February 18, 2004

Air Guard names top enlisted personnel

The Virginia Air National Guard recently selected its top enlisted personnel for 2003. Earning the VaANG Outstanding Airman of the Year title was Senior Airman Fallon McNeil, a member of the 192nd Fighter Wing. Both the VaANG Outstanding Noncommissioned Officer of the Year and overall Outstanding Virginia Guardsman of the Year titles went to Tech Sgt. Scott Morrill, 203rd RED HORSE Flight.  Master Sgt. Stephen Elliot, 203rd RED HORSE Flight, took the VaANG Outstanding Senior NCO of the Year honors.

Senior Airman Fallon McNeil

"Each year we take the opportunity to recognize those individuals that have exhibited the highest levels of airmanship, job knowledge and leadership," said Chief Master Sgt. John Iorio, Command Chief Master Sergeant for Joint Forces Headquarters Virginia (Air Component). "These are people who exemplify our [Air Force] core values."

The recipients of this year's VaANG Outstanding Airman, NCO and Senior NCO honors were chosen by a Headquarters board that convened in December 2003. The board of officers and senior enlisted members were "extremely impressed" with the caliber of all the candidates. The individuals who went before the Headquarters selection board had already been chosen as the best airmen, NCOs and senior NCOs of their respective units.

McNeil is an enthusiastic member of the 192nd Military Personnel Flight. She helped in the processing of more than 50 awards and decorations for unit members activated for Operations Enduring Freedom and Iraqi Freedom. She is a member of the Student Flight Development Program Planning Team and a member of the Commander's Dress and Personal Appearance Advisory Board. In addition to her military duties, McNeil is pursuing a Bachelor's Degree in Business Administration, is a blood donor and raises money for cancer research by participating in "Relay for Life" events.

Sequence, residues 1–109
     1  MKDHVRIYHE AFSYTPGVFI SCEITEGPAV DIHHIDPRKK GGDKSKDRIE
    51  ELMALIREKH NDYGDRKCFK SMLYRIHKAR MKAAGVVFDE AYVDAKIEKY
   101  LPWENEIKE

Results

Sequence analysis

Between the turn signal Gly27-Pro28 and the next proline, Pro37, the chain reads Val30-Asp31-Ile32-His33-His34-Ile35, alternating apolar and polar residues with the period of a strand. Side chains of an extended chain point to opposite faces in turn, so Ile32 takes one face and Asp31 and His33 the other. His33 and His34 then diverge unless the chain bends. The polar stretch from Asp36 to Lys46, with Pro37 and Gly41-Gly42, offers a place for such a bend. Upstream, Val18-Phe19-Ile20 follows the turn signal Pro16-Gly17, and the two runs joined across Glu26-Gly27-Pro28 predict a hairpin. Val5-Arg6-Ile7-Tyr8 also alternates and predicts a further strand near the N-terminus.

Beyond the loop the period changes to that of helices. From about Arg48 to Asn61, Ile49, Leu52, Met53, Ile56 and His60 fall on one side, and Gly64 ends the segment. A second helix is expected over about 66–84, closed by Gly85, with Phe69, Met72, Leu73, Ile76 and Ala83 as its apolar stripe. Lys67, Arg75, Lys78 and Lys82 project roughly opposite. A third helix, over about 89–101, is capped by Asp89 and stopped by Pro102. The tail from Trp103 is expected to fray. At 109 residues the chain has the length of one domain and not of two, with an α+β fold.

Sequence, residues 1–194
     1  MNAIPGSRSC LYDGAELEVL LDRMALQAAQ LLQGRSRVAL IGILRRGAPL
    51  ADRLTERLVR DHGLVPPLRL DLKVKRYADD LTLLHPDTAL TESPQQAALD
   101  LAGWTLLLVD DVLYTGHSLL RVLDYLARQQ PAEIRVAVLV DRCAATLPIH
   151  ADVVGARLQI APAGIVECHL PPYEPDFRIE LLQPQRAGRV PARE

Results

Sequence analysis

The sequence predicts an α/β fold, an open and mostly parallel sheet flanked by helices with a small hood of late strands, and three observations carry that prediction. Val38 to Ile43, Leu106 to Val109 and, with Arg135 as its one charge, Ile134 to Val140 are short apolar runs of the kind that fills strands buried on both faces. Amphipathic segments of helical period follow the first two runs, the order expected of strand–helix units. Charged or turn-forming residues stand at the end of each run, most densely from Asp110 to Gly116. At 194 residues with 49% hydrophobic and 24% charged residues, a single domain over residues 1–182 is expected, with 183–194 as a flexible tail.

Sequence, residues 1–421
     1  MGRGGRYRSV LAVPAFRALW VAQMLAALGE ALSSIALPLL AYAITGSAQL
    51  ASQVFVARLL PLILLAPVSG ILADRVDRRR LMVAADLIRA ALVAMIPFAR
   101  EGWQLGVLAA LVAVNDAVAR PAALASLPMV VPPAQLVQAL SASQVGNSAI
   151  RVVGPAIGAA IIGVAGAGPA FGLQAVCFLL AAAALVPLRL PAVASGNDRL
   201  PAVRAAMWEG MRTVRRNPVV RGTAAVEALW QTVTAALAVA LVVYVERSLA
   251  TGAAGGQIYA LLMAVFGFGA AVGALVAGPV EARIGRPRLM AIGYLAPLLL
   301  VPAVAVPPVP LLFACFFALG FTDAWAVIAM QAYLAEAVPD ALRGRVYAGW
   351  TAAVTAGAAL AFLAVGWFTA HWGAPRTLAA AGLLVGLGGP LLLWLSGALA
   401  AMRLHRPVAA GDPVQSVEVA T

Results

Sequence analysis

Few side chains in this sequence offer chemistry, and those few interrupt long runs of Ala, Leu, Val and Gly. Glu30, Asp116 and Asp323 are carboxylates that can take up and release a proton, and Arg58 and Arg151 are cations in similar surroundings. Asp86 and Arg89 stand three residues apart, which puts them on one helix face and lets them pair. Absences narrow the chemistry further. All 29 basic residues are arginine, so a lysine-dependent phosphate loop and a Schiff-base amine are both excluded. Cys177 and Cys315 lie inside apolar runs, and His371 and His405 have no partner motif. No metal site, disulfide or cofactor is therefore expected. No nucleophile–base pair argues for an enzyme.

Tech Sgt. Scott Morrill

Morrill is a highly knowledgeable, professional structures craftsman, and Team Leader of the 203rd Cantonments Structural Shop. During his 2003 deployment to Southwest Asia, Morrill helped construct a taxiway valued at $15 million. As Structural Supervisor, he led his crew through the successful completion of multiple mission-essential facilities and systems, and as CE Operation Superintendent, he was responsible for maintaining and repairing all U.S. equipment and facilities for a 1,900-person base. His additional duties include: Honor Guard; Morale, Welfare and Recreation representative; and member of the Unit's Retention Board. He is active in his church and coaches little league baseball.

Elliott, superintendent of the 203rd Airfields Shop, is an exceptionally knowledgeable pavement/construction professional and supervisor of the 40 people in his shop. While deployed with his unit to SWA during 2003, he helped construct a 500 seat, 10,000 square-foot theater, which greatly improved the quality of life for thousands of deployed U.S. military people. He was a key member of his unit's advance team to SWA, and was responsible for planning the work, obtaining the required materials, and receiving the troops.

Master Sgt. Stephen Elliott

He oversaw the excavation of over 500 cubic yards of rock for the building's foundation and directed the assembly of the structural steel and metal roofing and siding for the facility -- the largest vertical accomplishment of any RED HORSE team. Before deployment, an internal Unit Compliance Inspection review of his shop showed that it met or exceeded all Air Force standards. He is very active in his church, where he is a deacon and Sunday-School superintendent.

"Congratulations go out to each of Virginia's outstanding airmen. They are motivated, energetic individuals who are constantly working to make things better, within their unit and their community," Iorio said.

"All of the candidates were outstanding and each one of them should be proud. The competition was very keen and the board felt each candidate did a great job of representing his or her unit," Iorio added, "making the board's job very difficult."

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